[by Mark Frieser] MIDEMnet was a bit different this year…in a good way. Usually it’s a one day event covering digital music media, though in recognition of the growing importance to the music industry of mobile content, the event was expanded to cover two days, with mobile now broken out into a full separate day, which we will cover in our next report.
As for the message of the industry in general, there was a lot of talk about the potential of digital music to make up for the ongoing reduction of revenues in the industry (the music industry on average had a 7% drop in revenue over the year before, though digital revenues have increased by more than 100% and in the US, Mobile revenues at the labels have increased from 500%-1000% in the last year dependent on the label). In addition there was discussion of new revenue models and tools available to sell, produce and monetize content.
In his opening of the first Day of MIDEMnet, Ted Cohen, SVP of Digital Distribution and Development at EMI Group gave the audience the message the industry has to innovate and evolve to succeed and not to get complacent (though, judging by the industry’s numbers, complacency should not be an option in anyone’s mind) setting the tone for the day in that he compelled participants to take advantage of the knowledge and tools displayed during the day that can practically help their business.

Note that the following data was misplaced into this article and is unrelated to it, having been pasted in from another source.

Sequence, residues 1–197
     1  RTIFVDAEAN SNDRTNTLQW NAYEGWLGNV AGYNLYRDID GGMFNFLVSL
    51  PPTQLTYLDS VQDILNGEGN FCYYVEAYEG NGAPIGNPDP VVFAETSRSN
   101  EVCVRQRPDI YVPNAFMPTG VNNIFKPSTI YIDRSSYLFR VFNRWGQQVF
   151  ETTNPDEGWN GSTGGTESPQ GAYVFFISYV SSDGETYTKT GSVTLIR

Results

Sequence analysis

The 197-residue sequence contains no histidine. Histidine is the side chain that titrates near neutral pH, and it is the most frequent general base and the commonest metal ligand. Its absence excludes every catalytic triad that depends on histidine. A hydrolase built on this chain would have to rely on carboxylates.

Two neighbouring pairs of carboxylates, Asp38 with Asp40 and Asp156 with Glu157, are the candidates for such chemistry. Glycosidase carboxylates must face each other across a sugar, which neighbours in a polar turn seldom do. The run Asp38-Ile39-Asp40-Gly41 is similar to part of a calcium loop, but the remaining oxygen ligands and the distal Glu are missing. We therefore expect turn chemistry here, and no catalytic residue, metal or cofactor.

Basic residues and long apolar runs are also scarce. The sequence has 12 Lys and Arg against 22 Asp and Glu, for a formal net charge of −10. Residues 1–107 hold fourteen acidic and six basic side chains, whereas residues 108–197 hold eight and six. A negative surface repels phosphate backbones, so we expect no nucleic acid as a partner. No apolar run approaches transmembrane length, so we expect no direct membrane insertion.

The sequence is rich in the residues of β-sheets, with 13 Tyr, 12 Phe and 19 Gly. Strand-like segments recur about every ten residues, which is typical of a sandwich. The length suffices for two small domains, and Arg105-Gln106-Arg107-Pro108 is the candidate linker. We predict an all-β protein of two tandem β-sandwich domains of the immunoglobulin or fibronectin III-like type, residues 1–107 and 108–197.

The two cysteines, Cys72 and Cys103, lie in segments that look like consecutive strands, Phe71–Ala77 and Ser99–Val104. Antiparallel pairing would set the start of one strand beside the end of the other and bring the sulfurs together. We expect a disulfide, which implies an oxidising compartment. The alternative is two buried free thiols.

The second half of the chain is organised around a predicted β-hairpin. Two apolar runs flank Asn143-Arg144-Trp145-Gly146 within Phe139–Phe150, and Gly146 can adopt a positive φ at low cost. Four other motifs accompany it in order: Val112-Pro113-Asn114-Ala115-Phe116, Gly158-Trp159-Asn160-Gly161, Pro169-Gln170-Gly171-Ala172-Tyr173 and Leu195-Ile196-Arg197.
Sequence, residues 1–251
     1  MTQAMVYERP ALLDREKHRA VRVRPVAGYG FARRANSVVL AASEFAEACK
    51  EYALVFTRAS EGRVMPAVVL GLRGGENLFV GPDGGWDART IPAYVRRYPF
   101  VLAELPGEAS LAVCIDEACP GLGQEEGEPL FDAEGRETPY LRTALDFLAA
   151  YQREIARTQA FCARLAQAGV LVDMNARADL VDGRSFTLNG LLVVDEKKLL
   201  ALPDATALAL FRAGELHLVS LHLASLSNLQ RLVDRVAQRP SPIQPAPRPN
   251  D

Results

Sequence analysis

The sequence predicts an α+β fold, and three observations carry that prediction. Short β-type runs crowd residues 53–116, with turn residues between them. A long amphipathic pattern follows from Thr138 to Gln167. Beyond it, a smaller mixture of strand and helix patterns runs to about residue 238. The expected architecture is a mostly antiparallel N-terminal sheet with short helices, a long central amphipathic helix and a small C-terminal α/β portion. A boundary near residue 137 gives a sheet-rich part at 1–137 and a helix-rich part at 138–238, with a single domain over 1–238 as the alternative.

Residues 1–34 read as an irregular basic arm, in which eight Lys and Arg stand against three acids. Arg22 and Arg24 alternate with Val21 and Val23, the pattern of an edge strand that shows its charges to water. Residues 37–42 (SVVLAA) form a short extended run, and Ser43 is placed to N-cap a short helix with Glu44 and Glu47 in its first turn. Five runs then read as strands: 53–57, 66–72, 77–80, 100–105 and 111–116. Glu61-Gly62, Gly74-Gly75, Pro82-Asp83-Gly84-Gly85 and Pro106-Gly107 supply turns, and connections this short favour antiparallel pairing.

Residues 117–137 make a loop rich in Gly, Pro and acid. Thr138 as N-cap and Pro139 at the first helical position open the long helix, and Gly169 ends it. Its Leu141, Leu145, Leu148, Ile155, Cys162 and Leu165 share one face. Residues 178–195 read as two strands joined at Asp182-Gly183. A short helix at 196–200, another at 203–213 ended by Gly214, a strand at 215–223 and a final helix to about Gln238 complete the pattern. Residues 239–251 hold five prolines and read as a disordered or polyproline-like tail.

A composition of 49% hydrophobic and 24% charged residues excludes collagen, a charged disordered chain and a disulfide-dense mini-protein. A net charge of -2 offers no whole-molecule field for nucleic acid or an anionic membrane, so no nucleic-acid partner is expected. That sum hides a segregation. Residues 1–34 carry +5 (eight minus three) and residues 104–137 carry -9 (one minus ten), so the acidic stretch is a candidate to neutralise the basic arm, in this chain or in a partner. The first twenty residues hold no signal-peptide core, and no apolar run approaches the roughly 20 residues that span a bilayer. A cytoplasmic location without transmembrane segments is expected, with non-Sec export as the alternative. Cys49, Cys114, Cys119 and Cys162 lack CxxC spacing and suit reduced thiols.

And in terms of knowledge, certainly the excellent keynote presentation of Eric Nicoli, Chairman of the EMI Group was a substantive beginning. Nicoli began by stating that EMI sees digital music sales as a rapidly growing part of the company’s revenue pie, representing 6% of total group sales in 2005, with 60% of those derived from digital and 40% from mobile products. According to internal figures, EMI foresees digital sales representing 25% of its total sales in the year 2010, certainly an ambitious, but according to Nicoli, an attainable and reachable goal the company is on track to meeting. The company’s approximate market share for digital is in line with that of its physical properties… approximately 10% in the USA.
More after the jump…
Additionally, the company is also increasing using digital to market product and to derive a deeper understanding of the fan. Using tools such as Myspace, mobile messaging, email, legal P2P services (EMI signed at the conference with Arvato mobile to license 300,000 tracks for the GNAB legal P2P service, including content in the form of ringtones, movies, games and recorded music) and making music buying a quicker and more convenient experience are all seen as crucial to increasing the company’s revenue from digital consumers.
Other issues covered by Nicoli include interoperability, stating that he would “like consumers to do what they want with their content” and that it would be better for the industry to work together to try to increase the pie rather than fight over a shrinking pie, and that in these early days, we need to create an environment of cooperative experimentation – and to remember the consumer is boss… And in terms of flexible pricing models, EMI wants them, states the music business is unique in its current single price model, and that flexibility works for both the consumer and the label more.
And as to the long-time rumors of a potential EMI/WMG merger, Nicoli states “Yes or No” I guess we’ll have to ask him again next year on that one, but for the moment, it looks like at least the digital/mobile story is a good one for EMI.